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periodontal disease and risk for nosocomial bacterial

Preventing HAP

Pneumonia risk can be reduced through basic care measures, including early and frequent mobilization, assessing the patient’s aspiration risk, elevating the head of the bed, and promoting lung expansion. However, except for ICU patients on mechanical ventilators, the link between basic oral care and pneumonia prevention hasn’t been well studied.

Because the 20 billion microbes in our mouths replicate every 4 to 6 hours and patients microaspirate these microbes, reducing oral microbes is crucial to HAP prevention. In one study, researchers found that oral care went undocumented in the 24 hours before NV-HAP diagnosis 73% of the time. This means missed nursing care may have contributed to NV-HAP caused by increased microbial load and oral flora changes. In our hospital, some nurses stated they avoided oral care for patients with known aspiration risk for fear they’d aspirate.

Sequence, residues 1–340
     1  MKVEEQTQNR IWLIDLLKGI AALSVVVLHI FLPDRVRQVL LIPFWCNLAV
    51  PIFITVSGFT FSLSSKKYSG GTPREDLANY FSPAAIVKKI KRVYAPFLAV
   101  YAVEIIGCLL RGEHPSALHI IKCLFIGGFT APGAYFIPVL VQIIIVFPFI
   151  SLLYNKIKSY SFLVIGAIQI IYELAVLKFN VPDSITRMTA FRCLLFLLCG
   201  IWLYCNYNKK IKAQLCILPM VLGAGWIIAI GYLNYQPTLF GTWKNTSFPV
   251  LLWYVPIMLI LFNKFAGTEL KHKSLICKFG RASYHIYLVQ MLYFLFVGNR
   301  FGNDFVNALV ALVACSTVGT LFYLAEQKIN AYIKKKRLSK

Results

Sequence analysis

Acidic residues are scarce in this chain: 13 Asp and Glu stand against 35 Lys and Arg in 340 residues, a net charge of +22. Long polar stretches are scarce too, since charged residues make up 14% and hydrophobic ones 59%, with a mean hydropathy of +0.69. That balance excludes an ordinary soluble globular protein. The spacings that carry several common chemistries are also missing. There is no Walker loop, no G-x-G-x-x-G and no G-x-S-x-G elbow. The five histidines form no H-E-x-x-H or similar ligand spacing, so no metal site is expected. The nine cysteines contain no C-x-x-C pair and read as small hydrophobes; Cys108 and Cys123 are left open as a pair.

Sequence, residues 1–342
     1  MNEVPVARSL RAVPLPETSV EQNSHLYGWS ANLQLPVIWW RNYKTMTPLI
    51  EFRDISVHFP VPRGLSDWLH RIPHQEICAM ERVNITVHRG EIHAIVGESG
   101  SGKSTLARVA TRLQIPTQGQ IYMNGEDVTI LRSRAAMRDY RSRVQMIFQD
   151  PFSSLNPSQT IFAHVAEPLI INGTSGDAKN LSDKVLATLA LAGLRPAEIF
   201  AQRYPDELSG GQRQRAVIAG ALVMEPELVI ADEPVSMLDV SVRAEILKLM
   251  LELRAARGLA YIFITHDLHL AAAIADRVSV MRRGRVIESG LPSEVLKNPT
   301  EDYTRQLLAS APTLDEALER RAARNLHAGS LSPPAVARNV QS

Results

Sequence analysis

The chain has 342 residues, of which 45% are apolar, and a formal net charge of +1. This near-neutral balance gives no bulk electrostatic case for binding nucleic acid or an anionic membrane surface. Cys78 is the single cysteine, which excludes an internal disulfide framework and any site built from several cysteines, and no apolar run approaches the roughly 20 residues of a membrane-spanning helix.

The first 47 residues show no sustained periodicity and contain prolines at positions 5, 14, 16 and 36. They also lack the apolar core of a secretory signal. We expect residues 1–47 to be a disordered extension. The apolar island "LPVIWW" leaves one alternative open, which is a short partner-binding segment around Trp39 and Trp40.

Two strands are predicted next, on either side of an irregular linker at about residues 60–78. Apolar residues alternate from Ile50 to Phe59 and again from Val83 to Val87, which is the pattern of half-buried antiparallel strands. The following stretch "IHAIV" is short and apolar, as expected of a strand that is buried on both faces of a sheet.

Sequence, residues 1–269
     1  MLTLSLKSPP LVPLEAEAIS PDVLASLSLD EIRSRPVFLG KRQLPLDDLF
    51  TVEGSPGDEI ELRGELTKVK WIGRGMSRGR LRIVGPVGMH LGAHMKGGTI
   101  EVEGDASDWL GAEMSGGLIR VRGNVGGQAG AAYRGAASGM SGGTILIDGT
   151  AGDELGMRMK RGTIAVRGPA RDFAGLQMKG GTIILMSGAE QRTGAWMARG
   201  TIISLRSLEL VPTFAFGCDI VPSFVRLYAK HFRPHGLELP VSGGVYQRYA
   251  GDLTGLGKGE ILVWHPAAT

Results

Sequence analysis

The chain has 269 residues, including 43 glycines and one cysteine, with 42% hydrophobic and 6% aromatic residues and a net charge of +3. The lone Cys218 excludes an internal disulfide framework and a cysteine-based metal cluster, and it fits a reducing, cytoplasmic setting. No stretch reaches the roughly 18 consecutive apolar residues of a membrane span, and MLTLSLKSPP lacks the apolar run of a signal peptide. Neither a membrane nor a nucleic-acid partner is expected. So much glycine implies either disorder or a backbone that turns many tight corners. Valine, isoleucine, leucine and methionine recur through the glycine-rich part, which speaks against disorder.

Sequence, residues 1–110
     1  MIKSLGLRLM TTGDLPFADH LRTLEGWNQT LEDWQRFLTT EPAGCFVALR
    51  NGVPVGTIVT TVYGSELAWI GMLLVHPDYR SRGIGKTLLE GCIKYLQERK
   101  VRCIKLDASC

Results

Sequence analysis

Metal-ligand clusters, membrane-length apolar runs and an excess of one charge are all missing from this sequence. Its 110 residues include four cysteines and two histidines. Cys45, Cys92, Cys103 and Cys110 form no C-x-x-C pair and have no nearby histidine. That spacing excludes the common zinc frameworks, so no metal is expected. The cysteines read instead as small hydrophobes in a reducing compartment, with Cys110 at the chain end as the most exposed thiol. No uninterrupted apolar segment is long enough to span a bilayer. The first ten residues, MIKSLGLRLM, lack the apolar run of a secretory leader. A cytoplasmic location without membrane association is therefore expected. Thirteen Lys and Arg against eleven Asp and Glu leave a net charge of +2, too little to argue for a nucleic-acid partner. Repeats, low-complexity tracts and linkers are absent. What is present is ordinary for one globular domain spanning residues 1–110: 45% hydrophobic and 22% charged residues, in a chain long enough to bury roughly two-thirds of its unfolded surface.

Nurses have been surveyed to analyze their understanding of the importance of oral care and knowledge of standards for oral care practices. The surveys found that although nurses understand that oral care increases patients’ comfort, they may not appreciate the pneumonia risk linked to missed oral care, especially in nonintubated patients. Thus, nurses should receive enhanced education on the importance of oral care, the need for increased access to effective oral-care supplies, and clear protocols that specify the required frequency of oral care and its documentation. (See Preventing hospital-acquired pneumonia.)